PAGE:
Ranunculus repens

Non-native fast-spreading buttercup often covering large areas

Ranunculus repens creeping buttercup

Plant grows in the wild/spontaneously

This perennial alien species is native to Eurasia and northwest Africa, but was sold as an ornamental plant worldwide and is now widely naturalized in North America. It can be identified by the pale blotches on the leaves and by creeping runners (stolons) that produce new roots and leaves. The plant responds to poor soil conditions by sending out longer unbranched stolons. They will root only when better soil is encountered.

The leaves are divided into three segments. Each segment is further shallow or deeply lobed and the central segment has a stalk. The stems and the leaves are both finely hairy. It can reach a height of 1-3 feet. The bright yellow glossy flowers are born on a long petiole. Each is about 2-3 centimeters in diameter. It blooms from May until August. It is common along roadsides, in vacant lots, in old gardens and wet meadows. It is sometimes cultivated but can aggressively crowd out other plants, especially in wet soils.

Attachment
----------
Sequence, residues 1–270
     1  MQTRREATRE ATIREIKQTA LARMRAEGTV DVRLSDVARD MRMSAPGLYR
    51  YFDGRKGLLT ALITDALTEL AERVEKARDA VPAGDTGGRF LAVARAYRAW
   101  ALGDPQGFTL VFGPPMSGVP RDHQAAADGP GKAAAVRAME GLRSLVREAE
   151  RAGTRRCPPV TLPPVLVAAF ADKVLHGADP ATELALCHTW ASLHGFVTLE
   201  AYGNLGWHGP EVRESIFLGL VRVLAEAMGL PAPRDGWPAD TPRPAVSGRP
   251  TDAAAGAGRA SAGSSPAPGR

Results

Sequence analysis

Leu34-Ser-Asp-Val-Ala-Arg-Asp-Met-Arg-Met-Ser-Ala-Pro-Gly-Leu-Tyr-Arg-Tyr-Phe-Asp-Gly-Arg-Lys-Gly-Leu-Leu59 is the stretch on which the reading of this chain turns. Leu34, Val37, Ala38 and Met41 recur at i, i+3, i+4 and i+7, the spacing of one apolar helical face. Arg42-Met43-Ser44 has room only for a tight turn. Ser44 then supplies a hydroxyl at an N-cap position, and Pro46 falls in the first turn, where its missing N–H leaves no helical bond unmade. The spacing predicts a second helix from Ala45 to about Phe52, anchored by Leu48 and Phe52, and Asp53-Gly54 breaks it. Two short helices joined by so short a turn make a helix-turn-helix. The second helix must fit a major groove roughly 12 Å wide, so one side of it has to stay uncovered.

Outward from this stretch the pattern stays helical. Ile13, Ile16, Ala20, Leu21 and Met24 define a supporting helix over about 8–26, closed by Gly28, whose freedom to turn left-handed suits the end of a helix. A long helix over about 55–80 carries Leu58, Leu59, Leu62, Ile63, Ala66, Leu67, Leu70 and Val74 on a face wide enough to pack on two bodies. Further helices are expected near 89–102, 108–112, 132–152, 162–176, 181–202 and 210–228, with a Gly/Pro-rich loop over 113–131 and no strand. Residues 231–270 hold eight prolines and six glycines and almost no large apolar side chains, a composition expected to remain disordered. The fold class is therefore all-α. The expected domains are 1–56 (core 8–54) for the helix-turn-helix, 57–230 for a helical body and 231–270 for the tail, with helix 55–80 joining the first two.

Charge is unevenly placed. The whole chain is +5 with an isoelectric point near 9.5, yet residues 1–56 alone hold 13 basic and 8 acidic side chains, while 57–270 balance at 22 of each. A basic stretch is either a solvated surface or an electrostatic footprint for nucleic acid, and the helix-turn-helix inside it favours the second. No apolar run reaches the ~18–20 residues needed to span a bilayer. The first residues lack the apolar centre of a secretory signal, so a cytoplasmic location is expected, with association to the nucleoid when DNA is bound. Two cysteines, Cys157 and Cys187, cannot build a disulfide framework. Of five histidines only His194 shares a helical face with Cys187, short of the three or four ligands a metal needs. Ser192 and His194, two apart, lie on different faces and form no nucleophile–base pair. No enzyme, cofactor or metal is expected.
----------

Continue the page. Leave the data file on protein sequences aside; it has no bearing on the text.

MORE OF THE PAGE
Like most buttercups, this species is poisonous and contact with the sap can irritate the skin and cause blisters. Grazing animals tend to avoid it because of its bad taste.

Contributed by: Mark Welchley

Common in low meadows, stream banks, and wet places.

Present throughout the state.

Range:  Has naturalized throughout North America.

Wetland codes

Flowers May through late August.